(Detroit Free Press) -- The State of Michigan improperly paid $160 million in a 29-month period for services provided to vulnerable, low-income adults in a program designed to keep them out of more expensive, long-term care, according to a report released earlier today by the state's Auditor General.
Among those on the payroll: convicted criminals — including those convicted of crimes ranging from financial fraud to homicide, auditors found.
The blistering, 81-page report released earlier today blamed shoddy paperwork for most of the improper payments in the Medicaid Home Help Program, A son or daughter with a rap sheet may be the best person to help care for a bed-bound parent, for example.
But others may be strangers to the vulnerable clients.
The blistering, 81-page report released earlier today blamed shoddy paperwork for most of the improper payments in the Medicaid Home Help Program, but it also noted a lack of oversight and follow-through when staff could have identified and corrected problems.
The program, funded by state and federal dollars, provides personal care services to more than 66,000 clients with medical needs. Home help providers help with light housekeeping, laundry, toileting, personal care and other activities of daily life.
The agencies responsible — Michigan's Departments of Community Health and Human Services — already have taken steps to correct some of the problems, the report said.
Maura Corrigan, director of the Department of Human Services, said she hadn't realized the "scope" of the problems until auditors began poring through records and talking to staff.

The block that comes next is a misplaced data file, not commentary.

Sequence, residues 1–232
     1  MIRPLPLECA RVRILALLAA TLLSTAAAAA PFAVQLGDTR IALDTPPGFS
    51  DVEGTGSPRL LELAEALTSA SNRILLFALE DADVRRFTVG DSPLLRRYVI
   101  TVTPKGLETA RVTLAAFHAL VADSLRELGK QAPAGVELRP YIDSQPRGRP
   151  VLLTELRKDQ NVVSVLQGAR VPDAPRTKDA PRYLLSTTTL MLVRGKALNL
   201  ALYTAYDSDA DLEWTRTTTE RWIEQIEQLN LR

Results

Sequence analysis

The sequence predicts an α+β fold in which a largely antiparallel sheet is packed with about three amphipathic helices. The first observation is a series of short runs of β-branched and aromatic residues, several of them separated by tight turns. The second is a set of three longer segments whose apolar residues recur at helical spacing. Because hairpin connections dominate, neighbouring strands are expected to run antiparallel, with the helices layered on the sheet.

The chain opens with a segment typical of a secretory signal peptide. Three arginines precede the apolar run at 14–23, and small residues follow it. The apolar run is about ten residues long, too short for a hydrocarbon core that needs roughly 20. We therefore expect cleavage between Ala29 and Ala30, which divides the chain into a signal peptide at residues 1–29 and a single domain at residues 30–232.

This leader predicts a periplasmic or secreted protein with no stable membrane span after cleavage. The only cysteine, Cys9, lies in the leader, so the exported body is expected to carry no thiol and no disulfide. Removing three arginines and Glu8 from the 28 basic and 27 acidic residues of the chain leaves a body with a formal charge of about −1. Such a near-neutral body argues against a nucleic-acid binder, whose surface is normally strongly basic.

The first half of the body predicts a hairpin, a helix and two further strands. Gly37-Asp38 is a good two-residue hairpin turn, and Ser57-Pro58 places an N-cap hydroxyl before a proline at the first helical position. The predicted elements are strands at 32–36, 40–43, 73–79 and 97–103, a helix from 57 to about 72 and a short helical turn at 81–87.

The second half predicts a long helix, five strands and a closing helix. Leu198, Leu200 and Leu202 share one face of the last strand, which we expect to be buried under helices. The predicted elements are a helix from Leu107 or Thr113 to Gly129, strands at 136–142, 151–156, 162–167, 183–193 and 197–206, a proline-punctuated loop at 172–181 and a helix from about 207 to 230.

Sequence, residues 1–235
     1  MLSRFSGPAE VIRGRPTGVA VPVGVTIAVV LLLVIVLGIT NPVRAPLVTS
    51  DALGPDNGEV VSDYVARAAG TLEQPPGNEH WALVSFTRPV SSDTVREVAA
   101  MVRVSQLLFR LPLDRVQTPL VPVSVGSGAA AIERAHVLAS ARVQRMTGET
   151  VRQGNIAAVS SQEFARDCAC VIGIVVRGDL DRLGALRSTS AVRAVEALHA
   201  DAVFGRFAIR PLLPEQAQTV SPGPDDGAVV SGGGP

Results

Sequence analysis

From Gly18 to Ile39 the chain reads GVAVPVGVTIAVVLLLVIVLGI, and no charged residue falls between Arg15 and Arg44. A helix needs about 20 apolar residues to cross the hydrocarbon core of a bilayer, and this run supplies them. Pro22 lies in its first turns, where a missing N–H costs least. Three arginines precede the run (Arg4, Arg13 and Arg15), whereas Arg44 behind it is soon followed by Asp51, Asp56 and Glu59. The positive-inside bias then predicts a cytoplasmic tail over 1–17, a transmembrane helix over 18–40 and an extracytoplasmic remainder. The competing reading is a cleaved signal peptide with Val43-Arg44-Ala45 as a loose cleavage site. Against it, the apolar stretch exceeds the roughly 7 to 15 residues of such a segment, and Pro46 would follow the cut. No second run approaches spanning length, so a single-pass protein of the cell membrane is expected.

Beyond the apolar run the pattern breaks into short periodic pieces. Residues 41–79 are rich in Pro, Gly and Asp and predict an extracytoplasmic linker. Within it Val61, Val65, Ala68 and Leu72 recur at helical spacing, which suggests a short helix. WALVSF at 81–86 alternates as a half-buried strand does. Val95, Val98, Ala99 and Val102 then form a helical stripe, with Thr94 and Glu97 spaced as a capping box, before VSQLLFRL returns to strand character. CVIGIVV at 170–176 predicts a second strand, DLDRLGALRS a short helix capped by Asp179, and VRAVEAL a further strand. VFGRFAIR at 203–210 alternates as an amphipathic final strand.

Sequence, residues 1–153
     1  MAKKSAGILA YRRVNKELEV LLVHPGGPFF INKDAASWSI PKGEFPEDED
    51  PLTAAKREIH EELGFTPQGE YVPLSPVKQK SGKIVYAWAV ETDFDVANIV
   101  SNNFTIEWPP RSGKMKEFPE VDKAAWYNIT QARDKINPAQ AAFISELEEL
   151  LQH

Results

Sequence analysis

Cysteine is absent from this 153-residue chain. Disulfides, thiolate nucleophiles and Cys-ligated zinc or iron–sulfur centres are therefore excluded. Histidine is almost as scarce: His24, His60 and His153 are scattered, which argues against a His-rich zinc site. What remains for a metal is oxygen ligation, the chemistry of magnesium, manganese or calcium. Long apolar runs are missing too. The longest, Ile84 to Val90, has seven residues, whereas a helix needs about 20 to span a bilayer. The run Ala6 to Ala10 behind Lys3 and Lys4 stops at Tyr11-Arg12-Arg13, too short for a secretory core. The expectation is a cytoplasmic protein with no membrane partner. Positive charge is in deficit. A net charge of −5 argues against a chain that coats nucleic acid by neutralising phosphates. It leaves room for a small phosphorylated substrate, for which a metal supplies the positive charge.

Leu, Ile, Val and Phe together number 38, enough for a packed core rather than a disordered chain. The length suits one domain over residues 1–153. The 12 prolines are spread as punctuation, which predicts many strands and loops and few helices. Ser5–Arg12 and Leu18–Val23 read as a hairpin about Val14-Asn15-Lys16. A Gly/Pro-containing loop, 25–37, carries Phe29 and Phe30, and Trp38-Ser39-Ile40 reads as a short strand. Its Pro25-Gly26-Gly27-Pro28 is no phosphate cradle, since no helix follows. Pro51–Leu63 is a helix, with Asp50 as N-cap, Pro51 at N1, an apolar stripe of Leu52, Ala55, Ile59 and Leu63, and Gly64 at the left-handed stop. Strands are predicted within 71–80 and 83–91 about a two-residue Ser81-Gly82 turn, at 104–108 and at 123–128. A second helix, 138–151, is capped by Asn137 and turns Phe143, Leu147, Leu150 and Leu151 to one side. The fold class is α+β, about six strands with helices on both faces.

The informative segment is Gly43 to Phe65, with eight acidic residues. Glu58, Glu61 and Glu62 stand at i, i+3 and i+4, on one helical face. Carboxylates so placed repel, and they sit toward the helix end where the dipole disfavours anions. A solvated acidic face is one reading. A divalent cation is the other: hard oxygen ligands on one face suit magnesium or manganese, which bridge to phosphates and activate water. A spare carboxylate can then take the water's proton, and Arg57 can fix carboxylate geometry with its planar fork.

"I take this report very seriously," she said.
Among the findings:
■ The state's community health and human services departments failed to obtain sufficient or timely paperwork to ensure $146.4 million in services were adequate and clients were satisfied during a 29-month period ending February 2013. That money represents $49.6 million from the state's general fund. Every dollar spent in state money leverages about two more in federal funds.
■ At least $3.3 million in services were provided to individuals that did not qualify for them.
■ Workers included 3,786 with felony convictions — including 572 with violent convictions from assault to homicide and 285 for sex crimes. Another 1,148 workers had been convicted of fraud, identity theft and other financial crimes.
The program differs from a traditional home health program in which trained medical staff provide care through an agency. In this case, family members or others are paid to care for the disabled or elderly adult, who are also poor. Usually that pay is a "few hundred dollars" a month compared to thousands of dollars in a nursing home, for example.
The report Tuesday isn't the first indication of problems.
In January, Michigan Attorney General Bill Schuette announced charges in 17 cases involving Home Help. Six cases have resulted in convictions, including five in which providers continued to receive payments after the clients had died. In a sixth case, the provider had been sent to prison, but his client — his girlfriend — continued to cash his checks.
Neither federal nor state law requires criminal history checks of these caregivers, according to the auditor's report. And convictions under state law do not preclude payments to a provider, said Corrigan at DHS.
Still, the department is reviewing the policy.